While the scorching heat wave currently bombarding the Western United States is sending some people straight for the closest waterway or body of water, authorities are urging people to use caution.
Last week a 5-year-old boy was standing in the Stanislaus River at McHenry Recreation Area in between Escalon and Ripon when he slipped and disappeared into the murky water.
The boy was not wearing a lifejacket in the knee-deep water, and witnesses described seeing the boy go completely under as the current swept him away from the beach where his family was recreating.
Fortunately for the family the boy’s quick-thinking 14-year-old brother reacted in time to reach him before the river carried him out of sight and was able to successfully pull the boy back towards a beach where a Park Ranger helped both to safety.
The McHenry Recreation Area, which was constructed by the US Army Corps of Engineers as a swimming part for recreation purposes, does include a lifejacket board where those who don’t bring their own can use lifejackets for the day and return them upon getting out of the water.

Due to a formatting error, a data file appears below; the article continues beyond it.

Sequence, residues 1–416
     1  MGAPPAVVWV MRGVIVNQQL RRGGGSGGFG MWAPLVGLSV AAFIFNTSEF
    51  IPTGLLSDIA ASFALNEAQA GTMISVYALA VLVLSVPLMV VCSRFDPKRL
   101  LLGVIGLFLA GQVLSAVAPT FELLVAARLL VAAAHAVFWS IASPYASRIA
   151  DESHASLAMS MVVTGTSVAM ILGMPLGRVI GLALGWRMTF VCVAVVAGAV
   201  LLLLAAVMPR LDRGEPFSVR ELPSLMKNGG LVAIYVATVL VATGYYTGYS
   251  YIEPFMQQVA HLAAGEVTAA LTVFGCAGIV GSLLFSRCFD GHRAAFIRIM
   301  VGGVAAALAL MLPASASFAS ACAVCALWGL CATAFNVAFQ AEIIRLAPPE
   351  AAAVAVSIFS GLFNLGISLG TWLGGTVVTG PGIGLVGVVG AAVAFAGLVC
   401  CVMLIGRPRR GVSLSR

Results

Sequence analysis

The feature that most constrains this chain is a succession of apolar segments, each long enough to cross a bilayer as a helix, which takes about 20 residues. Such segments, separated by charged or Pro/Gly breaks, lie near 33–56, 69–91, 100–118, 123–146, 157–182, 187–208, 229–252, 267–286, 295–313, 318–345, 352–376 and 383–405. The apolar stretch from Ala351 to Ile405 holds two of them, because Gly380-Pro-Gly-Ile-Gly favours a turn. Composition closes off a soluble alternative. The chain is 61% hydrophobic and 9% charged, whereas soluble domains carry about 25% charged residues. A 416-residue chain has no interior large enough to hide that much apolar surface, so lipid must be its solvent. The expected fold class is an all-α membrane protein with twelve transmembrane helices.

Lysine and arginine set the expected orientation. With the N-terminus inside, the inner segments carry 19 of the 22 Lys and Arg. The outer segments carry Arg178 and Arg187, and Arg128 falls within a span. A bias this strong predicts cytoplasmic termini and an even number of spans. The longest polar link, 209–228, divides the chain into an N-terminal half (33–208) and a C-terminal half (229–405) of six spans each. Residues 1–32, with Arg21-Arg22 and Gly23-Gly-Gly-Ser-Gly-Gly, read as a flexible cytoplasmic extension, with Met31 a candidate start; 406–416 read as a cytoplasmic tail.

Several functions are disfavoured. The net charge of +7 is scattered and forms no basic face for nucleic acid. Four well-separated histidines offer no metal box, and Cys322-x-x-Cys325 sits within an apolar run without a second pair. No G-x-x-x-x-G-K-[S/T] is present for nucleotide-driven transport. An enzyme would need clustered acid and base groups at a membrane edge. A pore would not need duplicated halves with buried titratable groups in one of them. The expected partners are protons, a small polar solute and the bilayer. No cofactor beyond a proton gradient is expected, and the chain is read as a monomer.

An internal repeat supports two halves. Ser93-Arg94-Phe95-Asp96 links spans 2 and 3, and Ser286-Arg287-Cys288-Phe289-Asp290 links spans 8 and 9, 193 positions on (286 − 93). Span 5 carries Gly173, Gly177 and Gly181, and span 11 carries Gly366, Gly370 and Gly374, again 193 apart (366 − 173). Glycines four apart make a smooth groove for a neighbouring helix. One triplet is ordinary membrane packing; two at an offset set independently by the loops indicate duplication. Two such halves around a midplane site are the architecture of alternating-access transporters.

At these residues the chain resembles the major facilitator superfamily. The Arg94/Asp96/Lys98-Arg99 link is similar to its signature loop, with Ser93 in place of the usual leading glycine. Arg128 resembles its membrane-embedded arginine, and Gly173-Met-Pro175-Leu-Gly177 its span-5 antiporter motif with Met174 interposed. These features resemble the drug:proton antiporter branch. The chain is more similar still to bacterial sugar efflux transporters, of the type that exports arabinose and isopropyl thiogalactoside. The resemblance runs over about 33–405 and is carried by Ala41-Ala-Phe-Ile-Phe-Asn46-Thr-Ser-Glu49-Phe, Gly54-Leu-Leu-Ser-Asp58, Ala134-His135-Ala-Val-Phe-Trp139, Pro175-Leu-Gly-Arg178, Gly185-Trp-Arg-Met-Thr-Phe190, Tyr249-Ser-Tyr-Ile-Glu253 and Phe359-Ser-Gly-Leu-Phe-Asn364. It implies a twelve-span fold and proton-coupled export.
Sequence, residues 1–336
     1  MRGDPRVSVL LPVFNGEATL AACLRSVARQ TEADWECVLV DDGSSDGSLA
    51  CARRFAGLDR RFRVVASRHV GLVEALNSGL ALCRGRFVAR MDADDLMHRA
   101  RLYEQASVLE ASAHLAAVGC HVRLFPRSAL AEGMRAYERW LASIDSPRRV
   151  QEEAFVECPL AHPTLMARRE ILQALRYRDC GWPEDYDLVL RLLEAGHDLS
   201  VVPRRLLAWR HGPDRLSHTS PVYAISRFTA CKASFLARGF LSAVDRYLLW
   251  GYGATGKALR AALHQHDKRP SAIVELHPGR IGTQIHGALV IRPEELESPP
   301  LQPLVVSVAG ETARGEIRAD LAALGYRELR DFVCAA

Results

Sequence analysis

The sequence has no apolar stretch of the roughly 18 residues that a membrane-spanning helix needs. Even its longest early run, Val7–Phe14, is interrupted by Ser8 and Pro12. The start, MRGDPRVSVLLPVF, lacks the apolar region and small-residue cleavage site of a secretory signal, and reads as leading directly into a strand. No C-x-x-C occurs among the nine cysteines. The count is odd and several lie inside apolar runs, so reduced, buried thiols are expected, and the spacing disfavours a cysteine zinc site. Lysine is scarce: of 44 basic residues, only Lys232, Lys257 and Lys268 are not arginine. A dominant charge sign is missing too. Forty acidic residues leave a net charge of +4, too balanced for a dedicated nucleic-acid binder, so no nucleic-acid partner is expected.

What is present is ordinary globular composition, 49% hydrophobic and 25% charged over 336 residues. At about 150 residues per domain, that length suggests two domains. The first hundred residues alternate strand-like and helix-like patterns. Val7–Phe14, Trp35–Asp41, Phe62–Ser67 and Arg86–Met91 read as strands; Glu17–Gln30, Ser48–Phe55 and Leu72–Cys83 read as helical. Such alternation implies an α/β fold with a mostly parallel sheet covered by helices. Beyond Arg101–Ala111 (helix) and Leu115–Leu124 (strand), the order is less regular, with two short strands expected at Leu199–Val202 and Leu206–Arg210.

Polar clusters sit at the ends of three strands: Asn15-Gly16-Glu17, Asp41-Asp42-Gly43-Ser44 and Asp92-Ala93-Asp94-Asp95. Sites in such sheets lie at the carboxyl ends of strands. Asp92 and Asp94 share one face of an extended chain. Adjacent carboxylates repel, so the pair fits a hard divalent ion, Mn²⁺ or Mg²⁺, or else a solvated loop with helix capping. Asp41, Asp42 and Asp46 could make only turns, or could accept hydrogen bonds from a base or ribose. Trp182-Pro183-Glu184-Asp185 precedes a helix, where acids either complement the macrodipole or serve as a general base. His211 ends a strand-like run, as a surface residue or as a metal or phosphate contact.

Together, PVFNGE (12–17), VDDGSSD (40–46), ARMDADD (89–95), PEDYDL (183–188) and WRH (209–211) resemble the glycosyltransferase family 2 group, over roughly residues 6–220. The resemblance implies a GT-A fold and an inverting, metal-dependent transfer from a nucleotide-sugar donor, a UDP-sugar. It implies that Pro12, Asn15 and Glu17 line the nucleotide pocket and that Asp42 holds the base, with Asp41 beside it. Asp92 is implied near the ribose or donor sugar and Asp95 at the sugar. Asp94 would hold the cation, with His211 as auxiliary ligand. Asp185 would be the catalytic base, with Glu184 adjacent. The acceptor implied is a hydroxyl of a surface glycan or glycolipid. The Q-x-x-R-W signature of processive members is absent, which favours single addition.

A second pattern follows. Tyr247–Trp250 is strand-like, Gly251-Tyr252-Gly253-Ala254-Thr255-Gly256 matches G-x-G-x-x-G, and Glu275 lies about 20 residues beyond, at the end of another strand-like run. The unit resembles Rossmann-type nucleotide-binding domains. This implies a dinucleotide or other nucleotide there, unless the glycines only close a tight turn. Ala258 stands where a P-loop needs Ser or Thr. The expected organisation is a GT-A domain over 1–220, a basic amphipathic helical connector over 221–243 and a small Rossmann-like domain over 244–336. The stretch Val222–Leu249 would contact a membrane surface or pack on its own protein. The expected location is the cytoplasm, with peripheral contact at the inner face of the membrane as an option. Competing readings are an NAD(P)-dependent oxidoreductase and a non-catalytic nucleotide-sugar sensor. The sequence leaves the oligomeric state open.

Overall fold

“Many kids are curious, active, and eager to explore their surroundings, and are attracted to water,” the San Joaquin County Sheriff’s Office wrote in a post urging people to exercise extreme caution around bodies of water. “However, they don’t understand that water can be dangerous and many are not old enough to do what is needed when in trouble.”
While no drownings have been reported at the park this year, the river has claimed the lives of multiple people over the course of the last decade – from adults to children.
With more than a week of triple-digit heat expected to pound the Northern San Joaquin Valley, local emergency personnel have reported an uptick in the number of people using local waterways to try and beat the heat without having to travel outside of the valley.
Last year a 5-year-old girl drowned in the Stanislaus River upstream near Knight’s Ferry, and earlier this summer a man in 50’s drowned in the Stanislaus River not far from the confluence of the San Joaquin River. The man was not wearing a life jacket, and the point where the two rivers come together creates unique flows that can seem mild on the surface but turbulent beneath.
So far this summer the Ripon Consolidated Fire District – which responds to calls from near McHenry Recreation Area out to where the Stanislaus flows into the San Joaquin River – has responded to so many calls for service that they’re working on a plan to recuperate the expenses incurred when sending out rescue crews.
To contact reporter Jason Campbell email email@example.com or call 209.249.3544.